Feature

Dana Inc.

She's on Fox News several days a week. She's about to open up her own strategic communications shop. She's one of the last Bushies standing. And she was just nominated for a federal post by President Barack Obama. So what is it, exactly, that Dana Perino is trying to accomplish?

January 2010

Since leaving the White House last year, Dana Perino has run herself ragged. On Mondays she's up before 5 a.m. at the Washington, D.C., row house she shares with her husband, Peter McMahon. By 6:20, she's in a car that takes her to the Fox News Channel's D.C. bureau, where she gives analysis of the weekend's news events. On Tuesday afternoons, she takes the train to Fox's New York City studios, where her punditry has expanded beyond Hannity's show and she delivers commentary on everything from Obama's Afghanistan policy to Sarah Palin's new book.

In between, it's all Dana Inc., all the time: She's perpetually tapping away on her BlackBerry or her laptop, writing opinion pieces for National Review Online and Politico, Twittering ("A THIRD Stimulus? Get Real!"), planning mentoring seminars for up-and-coming Beltway women, or writing her own speeches for the chicken-dinner circuit from Omaha to London. If that weren't enough, she's got a plum gig at international public-relations giant Burson-Marsteller, where she's contracted to work 27 and a half hours a week (though she often doubles that) as the firm's chief issues counselor and one of many rainmakers. "I think I do all this stuff because I don't know what I want to do yet," she says. "I always figured when I was out [of the White House] that I'd open up a yoga studio."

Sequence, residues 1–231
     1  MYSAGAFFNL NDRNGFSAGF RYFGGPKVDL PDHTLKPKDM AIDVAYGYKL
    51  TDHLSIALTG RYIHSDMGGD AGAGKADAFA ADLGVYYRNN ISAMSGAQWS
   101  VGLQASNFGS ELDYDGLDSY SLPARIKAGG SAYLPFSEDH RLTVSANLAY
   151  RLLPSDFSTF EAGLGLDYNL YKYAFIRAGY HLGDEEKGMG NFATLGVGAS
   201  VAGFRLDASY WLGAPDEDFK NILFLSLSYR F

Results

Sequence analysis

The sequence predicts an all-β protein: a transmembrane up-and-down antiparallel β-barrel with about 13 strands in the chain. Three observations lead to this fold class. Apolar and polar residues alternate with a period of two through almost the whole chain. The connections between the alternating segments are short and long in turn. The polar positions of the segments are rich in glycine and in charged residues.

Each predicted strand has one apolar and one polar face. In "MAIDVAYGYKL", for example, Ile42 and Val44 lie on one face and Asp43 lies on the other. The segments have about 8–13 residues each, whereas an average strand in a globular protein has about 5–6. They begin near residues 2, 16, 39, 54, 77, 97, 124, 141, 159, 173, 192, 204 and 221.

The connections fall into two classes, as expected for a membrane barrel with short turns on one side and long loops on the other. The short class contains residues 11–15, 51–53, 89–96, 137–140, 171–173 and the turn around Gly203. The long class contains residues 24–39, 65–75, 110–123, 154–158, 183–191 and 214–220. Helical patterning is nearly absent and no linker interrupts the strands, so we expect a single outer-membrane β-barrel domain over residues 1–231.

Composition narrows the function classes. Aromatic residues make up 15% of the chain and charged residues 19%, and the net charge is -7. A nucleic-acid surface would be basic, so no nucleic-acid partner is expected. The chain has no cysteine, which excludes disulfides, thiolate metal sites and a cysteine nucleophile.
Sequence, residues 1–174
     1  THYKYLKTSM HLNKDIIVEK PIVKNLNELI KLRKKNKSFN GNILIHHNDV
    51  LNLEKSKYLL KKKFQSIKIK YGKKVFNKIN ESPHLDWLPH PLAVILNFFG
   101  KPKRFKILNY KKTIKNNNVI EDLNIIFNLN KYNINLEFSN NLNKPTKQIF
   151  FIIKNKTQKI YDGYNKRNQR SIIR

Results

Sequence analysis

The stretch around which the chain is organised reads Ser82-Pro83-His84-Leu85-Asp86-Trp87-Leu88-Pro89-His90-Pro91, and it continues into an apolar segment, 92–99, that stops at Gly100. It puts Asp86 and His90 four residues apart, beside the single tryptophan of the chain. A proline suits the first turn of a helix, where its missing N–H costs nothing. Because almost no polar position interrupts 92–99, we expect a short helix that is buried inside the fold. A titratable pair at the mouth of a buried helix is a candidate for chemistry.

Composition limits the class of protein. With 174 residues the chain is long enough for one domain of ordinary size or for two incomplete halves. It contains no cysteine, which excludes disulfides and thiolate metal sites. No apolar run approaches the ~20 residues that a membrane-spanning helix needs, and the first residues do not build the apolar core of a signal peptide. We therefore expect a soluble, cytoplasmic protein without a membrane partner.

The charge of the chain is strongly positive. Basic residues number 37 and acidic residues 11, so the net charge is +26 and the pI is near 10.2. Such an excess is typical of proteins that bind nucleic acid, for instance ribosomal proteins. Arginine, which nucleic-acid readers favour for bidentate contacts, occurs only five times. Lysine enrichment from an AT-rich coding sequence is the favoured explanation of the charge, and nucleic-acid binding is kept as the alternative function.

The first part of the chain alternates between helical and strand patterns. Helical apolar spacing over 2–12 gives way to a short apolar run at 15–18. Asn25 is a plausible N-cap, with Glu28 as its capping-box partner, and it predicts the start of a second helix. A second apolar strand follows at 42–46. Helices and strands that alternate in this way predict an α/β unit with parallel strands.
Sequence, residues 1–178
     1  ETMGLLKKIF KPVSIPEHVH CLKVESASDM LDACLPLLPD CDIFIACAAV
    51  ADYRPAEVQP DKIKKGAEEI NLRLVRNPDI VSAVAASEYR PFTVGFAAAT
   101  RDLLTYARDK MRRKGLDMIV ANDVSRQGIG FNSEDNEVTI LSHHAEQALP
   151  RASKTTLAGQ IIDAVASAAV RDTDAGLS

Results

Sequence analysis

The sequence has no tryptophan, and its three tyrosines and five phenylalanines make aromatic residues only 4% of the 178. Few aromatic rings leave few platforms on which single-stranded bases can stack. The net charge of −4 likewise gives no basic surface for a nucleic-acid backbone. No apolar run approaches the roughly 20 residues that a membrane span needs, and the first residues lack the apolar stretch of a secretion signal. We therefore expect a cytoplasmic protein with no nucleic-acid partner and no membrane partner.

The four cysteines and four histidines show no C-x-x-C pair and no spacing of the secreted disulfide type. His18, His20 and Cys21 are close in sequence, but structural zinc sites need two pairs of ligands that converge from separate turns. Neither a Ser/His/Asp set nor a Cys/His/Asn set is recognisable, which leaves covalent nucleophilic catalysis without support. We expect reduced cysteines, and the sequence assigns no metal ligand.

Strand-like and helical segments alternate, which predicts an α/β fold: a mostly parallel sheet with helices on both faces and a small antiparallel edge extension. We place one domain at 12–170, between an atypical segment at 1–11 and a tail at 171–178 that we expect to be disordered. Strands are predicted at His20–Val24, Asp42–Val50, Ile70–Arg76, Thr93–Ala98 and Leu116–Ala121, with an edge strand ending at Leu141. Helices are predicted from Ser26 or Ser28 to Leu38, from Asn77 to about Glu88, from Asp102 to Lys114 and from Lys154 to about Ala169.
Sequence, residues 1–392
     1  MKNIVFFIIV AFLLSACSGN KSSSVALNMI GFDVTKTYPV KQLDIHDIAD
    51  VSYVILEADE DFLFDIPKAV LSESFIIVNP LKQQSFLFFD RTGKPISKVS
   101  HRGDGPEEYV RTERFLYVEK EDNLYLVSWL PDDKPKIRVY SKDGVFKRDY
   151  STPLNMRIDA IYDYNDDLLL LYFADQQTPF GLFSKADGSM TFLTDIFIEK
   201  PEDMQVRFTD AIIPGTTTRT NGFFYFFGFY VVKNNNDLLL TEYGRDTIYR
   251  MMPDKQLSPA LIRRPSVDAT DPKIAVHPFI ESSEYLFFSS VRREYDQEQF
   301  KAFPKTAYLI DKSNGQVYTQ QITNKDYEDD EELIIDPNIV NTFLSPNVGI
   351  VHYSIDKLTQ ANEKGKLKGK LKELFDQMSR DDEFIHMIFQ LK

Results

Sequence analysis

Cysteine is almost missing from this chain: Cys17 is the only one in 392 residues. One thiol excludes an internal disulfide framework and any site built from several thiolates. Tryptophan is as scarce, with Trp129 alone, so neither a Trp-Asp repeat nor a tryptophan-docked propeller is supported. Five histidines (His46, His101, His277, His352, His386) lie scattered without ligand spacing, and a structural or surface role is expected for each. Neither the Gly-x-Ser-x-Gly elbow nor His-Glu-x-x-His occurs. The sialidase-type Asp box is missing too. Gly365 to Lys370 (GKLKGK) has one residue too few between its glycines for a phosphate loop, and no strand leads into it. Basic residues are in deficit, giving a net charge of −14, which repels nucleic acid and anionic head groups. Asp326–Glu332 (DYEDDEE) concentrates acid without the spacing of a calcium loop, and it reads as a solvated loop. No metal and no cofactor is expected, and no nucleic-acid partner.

Instead, she's launching her newest project, Danaperino.com, which she envisions as a one-stop shop for her wares, including, hopefully, a book. She coyly wonders what the book's subject would be, as if there were a doubt. "I guess it could be about [Bush] and how he's nothing like the perception some people have," she tells me as she fiddles with her BlackBerry. "I want people to know the Bush I knew. I don't know, what do you think?"

Before I can answer, she's up and heading for the door, on to another meeting. This time it's with a speaker's group that's booked her for a policy speech in Atlanta with former Bill Clinton strategist Donna Brazile, whom Perino considers "one of my good friends." An hour later, Perino's behind her desk at Burson-Marsteller.

In many ways, Perino—who's spent a majority of her career in Republican politics and has an undergraduate degree in communications from the University of Southern Colorado (now Colorado State University-Pueblo) and a master's in public-affairs reporting from the University of Illinois Springfield—is something of a misfit at Burson, a buttoned-down, Ivy League firm run by Mark Penn, a former strategist for Bill and Hillary Clinton, that teems with Democrats who've served at the highest levels of federal government. Even Perino's office—bland white, save for a few desktop photos of W.; his dad, George H.W.; Perino's husband; and the couple's dog playing in the water outside Bush Senior's place in Kennebunkport, Maine—is starkly different from the glass walls and framed diplomas that define the rest of the three-floor office.